Remember: search engines look for words. They don’t do well on photos or graphs or music or PDF files. You might want to place these elements on your website, but don’t expect search engines to be able to find them. Multimedia might make a site better looking for a human visitor, but search engines are concerned only with words. Graphically oriented designers may wish to do everything with pictures and sounds, but this can be detrimental to search engine placement.

A wordy site does well on search engines. As communicators, many marketers blanch at the idea of wordiness. But search engines look for “content” and by content they mean text. Good design can include a lot of words without overwhelming the reader. Sometimes the words can be put on out-of-the way pages, but they should be there. And the keywords you want to place highly for should be used liberally and in ways that help the search engine determine that the site is about those keywords.

These will help your site place higher in the engine results, and there are other techniques that can make your site friendly to both engines and human users.

One of the simplest is load time. Many designers get carried away with technologies that allow them to make a website that looks almost cinematic. It is important to remember that users on dial-up connections will not wait for large webpages to come into their computer. Photographs and other graphic elements should be suitable in resolution for a website.

Other code that adventurous and over-ambitious designers add to websites can have detrimental effects on search engine positioning for a site. The code that produces many of these effects, while not visible to humans, looks just like regular text to search engines. The problem is that many designers place this code on the page in a way that makes it unfriendly to search engines.

SEO professionals can help you avoid these pitfalls and can adjust your site so it is more likely to place highly in the search results. And the difference between placing on the first page of search results and the third page can be considerable impact in the number of customers visiting your site.


Fitting SEO into your marketing mix

SEO fits in your overall plan with other Internet marketing techniques, including paid advertising, e-mail marketing, print ads, and affiliate relationships.

Budgetary outlays for SEO are usually front-loaded. The initial site design or tuning requires substantial effort as does the set up of the PPC programs. Optimization typically takes several months before it yields results, and data gathered during this period can be valuable in determining future actions. The longer you run a site, the more information you can get on profitable keywords, valuable affiliate referrals, and how effective different pages are in converting visitors to customers.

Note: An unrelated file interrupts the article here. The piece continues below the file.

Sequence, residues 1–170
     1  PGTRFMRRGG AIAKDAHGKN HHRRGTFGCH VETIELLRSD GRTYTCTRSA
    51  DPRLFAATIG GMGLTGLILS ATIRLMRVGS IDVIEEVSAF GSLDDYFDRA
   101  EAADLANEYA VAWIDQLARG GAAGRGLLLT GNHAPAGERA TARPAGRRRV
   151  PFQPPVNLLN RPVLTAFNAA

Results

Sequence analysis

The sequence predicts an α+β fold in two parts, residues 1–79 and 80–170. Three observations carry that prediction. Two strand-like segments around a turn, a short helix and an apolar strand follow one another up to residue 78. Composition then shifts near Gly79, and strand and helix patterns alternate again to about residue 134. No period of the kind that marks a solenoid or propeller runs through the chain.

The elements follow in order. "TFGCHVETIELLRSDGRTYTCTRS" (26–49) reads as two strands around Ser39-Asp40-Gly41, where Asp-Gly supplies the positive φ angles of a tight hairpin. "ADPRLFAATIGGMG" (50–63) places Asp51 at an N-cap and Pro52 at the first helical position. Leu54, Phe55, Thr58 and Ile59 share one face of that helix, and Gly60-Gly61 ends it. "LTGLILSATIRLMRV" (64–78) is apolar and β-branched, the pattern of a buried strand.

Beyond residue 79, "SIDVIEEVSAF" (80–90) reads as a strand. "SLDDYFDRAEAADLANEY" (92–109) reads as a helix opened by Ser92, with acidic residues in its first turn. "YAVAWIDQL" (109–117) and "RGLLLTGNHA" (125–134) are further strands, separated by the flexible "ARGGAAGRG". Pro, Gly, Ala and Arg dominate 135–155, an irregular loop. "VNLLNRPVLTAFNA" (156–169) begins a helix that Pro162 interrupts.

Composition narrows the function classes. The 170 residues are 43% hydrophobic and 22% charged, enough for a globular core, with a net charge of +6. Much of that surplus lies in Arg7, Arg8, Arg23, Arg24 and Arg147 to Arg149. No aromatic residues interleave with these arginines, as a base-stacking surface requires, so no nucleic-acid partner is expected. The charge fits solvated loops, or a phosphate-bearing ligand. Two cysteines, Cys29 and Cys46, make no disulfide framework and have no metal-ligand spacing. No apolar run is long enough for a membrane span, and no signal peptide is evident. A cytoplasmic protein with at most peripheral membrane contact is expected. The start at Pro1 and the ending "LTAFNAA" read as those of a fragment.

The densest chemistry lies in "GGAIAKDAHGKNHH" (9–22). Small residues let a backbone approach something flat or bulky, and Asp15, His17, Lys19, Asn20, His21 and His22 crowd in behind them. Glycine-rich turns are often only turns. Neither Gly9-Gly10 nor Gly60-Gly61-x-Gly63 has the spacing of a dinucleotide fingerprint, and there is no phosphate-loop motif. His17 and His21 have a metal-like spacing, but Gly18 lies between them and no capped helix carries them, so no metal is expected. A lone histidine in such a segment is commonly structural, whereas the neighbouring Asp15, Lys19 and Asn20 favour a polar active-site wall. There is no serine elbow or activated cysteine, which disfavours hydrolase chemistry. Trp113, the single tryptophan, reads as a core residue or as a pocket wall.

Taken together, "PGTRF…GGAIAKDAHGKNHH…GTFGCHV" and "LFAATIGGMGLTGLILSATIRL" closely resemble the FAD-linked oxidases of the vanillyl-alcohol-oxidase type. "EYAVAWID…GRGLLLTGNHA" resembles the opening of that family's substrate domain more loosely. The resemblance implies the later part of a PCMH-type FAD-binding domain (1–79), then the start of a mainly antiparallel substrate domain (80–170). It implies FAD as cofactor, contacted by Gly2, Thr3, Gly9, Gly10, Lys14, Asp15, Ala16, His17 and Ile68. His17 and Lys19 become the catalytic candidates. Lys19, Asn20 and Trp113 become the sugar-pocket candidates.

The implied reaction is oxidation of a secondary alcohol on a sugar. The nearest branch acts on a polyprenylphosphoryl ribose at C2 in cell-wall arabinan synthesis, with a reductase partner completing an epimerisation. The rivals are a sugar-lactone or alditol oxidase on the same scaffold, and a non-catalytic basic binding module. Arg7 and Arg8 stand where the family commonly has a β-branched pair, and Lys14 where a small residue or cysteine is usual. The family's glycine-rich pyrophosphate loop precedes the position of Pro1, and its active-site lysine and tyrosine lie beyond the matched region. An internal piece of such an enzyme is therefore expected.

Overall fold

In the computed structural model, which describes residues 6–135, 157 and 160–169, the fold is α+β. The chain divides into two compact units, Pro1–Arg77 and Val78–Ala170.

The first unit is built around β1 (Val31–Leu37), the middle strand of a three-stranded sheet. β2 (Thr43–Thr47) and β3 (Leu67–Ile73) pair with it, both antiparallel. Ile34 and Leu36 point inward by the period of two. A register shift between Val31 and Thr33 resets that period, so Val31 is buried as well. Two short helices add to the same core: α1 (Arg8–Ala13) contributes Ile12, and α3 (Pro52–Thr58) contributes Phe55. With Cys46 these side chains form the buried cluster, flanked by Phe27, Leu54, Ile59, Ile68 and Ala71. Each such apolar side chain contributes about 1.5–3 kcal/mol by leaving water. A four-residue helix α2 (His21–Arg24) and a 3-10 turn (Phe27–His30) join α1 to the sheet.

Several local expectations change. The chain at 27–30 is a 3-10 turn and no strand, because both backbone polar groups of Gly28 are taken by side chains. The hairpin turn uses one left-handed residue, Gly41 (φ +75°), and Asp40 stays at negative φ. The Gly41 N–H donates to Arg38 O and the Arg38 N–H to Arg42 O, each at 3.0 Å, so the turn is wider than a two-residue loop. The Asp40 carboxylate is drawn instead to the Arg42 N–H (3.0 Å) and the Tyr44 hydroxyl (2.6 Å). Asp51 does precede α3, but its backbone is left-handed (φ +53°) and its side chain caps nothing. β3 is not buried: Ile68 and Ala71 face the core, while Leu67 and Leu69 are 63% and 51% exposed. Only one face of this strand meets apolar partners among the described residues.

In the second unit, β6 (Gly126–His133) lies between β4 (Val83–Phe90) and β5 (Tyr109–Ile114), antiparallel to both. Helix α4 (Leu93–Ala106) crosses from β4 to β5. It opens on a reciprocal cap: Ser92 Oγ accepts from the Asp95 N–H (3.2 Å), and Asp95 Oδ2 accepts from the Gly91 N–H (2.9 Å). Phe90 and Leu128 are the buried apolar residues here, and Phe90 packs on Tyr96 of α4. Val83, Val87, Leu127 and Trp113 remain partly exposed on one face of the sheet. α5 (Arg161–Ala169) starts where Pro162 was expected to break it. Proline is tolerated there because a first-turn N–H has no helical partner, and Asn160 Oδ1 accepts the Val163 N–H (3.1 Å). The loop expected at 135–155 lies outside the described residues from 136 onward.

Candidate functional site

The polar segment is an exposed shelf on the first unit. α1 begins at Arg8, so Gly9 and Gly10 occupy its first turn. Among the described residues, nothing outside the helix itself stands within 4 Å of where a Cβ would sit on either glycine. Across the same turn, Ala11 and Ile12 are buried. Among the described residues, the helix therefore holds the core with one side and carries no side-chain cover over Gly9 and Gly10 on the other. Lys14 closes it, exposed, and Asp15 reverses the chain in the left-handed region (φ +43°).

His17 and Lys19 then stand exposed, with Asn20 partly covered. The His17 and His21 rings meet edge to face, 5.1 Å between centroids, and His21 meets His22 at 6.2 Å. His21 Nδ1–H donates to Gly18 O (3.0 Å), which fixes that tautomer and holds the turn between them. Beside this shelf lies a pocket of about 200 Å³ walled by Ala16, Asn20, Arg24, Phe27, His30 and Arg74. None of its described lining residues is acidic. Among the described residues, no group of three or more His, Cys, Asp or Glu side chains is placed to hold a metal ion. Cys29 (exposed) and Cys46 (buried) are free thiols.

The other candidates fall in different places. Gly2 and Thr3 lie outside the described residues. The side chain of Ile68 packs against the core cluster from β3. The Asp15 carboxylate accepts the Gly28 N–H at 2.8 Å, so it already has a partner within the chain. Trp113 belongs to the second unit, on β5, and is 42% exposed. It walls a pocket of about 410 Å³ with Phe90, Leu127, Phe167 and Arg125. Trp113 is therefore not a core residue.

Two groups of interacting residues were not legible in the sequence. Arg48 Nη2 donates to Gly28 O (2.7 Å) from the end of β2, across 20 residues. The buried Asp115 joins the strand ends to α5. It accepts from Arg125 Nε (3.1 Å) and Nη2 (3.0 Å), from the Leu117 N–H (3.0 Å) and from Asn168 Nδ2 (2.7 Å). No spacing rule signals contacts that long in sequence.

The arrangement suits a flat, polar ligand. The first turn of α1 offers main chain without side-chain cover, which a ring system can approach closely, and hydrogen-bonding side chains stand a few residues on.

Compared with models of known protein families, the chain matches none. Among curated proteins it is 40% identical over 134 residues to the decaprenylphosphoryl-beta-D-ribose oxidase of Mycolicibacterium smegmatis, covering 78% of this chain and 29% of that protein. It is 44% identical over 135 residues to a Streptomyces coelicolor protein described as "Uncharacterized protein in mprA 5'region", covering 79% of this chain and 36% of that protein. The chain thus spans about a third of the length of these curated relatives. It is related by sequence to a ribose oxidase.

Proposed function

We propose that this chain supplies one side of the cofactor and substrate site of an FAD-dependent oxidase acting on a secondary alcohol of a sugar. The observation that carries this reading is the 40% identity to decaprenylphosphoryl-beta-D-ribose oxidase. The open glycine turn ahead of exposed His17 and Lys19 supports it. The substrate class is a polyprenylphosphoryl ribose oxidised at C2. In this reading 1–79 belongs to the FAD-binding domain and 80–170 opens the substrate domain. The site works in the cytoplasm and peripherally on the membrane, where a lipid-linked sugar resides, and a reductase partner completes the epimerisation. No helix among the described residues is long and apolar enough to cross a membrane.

At least every four months, the website performance should be evaluated, and paid programs and SEO adjusted.

For large businesses, networks of websites are often preferred. There are many benefits to having many small sites rather than one big site. Targeted websites do better on organic search engine results, and linking a number of websites together enhances the credibility of each one in the search engines.

Your website will also benefit if other sites link to it. Customers, suppliers, and dealer websites are all sources of links, as are providers of complementary products and services.


Game Plan

We recommend that every commercial website include a tracking program to gather meaningful marketing information. There are many

For new sites or campaigns, we recommend an initial Pay Per Click campaign. For a very low cost, you can obtain good marketing data - data that you can use to make decisions.

The results of your initial PPC campaign drive your further actions. You can then decide how the site should be optimized for natural search engine results, and whether PPC should continue.